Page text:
A few years later, my student was diagnosed with a fast-growing cancer. She died six days after receiving the final diagnosis, and again her quiet presence and acceptance astounded those of us who cared for her. We sat with her, listened, sat in attentive and compassionate silence when she lost her words. When she was told that nothing more could be done to help her, she simply dipped below the horizon and let go into the deep trough of peace. She went quickly, gracefully, her equanimity standing her in good stead. All of us who attended her had been through the BWD training. We were able to accept the truth of her situation, and at the same time, have a kind of compassionate optimism that that was not about her survival but the quality of life that we observed in our dying patient. We had the training to listen and to support her in silence. Her death was characterized by profound peace.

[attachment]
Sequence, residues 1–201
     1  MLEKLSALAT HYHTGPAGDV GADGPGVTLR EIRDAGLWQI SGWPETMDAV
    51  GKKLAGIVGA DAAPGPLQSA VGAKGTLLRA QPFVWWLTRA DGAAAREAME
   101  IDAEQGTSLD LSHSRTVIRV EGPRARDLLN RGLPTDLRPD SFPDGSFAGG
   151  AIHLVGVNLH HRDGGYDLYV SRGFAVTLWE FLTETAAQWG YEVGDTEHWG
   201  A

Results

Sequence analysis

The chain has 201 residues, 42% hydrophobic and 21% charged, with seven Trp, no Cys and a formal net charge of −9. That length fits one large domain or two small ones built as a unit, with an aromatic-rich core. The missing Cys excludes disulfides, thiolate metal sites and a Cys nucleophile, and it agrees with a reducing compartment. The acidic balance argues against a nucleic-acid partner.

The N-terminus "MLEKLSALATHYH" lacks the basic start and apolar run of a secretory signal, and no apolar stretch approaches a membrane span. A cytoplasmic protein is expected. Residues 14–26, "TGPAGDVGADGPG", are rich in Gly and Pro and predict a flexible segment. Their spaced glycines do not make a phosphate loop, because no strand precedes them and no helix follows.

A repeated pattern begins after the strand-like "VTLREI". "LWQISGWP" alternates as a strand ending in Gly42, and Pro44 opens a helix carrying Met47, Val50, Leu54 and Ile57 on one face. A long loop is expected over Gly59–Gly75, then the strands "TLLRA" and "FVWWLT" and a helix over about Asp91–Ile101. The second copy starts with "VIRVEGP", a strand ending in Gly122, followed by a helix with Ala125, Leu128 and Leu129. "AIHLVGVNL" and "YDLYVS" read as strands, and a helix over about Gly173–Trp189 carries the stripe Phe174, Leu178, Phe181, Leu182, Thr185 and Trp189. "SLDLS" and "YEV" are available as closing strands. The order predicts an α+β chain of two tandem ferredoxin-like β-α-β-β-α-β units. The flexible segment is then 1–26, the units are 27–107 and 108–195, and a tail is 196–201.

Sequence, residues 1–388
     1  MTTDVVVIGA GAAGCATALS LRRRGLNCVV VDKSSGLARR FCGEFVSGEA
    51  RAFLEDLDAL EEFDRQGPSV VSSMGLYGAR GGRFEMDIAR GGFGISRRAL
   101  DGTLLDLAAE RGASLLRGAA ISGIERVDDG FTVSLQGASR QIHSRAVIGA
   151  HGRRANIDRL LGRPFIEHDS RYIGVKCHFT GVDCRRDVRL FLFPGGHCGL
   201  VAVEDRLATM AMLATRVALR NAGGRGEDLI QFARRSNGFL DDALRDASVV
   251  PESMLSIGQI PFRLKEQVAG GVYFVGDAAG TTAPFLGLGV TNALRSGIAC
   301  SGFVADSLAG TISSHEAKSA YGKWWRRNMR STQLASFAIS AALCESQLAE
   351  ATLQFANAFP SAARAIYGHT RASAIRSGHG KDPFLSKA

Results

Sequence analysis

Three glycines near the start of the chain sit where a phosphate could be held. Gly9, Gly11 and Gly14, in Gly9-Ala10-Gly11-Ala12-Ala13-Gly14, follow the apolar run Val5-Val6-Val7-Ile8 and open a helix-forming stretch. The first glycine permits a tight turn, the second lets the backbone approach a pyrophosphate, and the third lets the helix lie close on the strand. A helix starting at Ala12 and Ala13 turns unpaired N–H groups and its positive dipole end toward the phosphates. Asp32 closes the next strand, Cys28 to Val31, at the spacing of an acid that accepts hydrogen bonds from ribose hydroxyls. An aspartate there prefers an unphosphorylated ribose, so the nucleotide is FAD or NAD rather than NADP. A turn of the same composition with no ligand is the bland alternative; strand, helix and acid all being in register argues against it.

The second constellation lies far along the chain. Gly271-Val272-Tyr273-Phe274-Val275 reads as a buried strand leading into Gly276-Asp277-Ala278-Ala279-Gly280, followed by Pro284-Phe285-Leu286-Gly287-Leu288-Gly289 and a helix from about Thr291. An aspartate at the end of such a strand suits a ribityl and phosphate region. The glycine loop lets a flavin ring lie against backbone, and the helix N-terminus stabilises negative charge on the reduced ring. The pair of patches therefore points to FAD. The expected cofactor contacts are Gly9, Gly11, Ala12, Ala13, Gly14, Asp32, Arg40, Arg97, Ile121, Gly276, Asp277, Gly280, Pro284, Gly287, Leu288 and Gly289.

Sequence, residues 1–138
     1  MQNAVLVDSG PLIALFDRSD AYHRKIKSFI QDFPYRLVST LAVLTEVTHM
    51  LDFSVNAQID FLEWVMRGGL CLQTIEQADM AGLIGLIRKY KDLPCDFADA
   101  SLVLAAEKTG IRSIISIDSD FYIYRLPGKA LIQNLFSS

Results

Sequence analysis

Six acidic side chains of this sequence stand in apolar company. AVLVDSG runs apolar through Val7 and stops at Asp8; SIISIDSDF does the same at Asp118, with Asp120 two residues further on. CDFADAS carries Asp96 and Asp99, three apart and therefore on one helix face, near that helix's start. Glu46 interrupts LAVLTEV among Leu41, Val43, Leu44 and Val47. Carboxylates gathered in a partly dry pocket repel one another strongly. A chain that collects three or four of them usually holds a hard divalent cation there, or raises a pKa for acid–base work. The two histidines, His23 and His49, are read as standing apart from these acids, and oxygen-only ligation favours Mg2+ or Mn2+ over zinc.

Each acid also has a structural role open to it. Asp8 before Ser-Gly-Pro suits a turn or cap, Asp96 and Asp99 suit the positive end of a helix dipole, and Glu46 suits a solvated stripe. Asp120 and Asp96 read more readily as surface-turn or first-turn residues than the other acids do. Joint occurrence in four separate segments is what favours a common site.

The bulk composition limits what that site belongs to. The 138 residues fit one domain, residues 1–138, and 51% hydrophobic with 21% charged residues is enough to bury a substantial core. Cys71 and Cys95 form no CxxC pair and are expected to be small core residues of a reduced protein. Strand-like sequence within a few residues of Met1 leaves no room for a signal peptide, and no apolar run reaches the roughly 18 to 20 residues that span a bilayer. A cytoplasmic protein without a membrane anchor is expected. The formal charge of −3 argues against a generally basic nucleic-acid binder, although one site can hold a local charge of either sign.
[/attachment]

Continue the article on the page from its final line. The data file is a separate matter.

Nonjudgmental Acceptance of Self and Patient:

• Healthy balance between patient-oriented, clinician-oriented, and relationship-oriented goals

• Sense of care-giving efficacy

• Appreciation of patient’s traits

• Reduction in self-directed concerns

• Fewer unrealistic expectations of patient

Story: Issan founded the Hartford Street Zen Center and the Maitri AIDS Hospice in the gay district of San Francisco. He had not been diagnosed as HIV-positive himself, but believed it was crucial to offer help to his brothers dying all around him. Issan was a Buddhist who was deeply intimate with compassion. Through Issan’s work with dying people, I saw how Buddhism could function in a practical way for a community in crisis, a community that flourishes with compassion. At the


hospice you didn’t feel piety. The practice there had been energized by the dross of suffering—not consumed by it.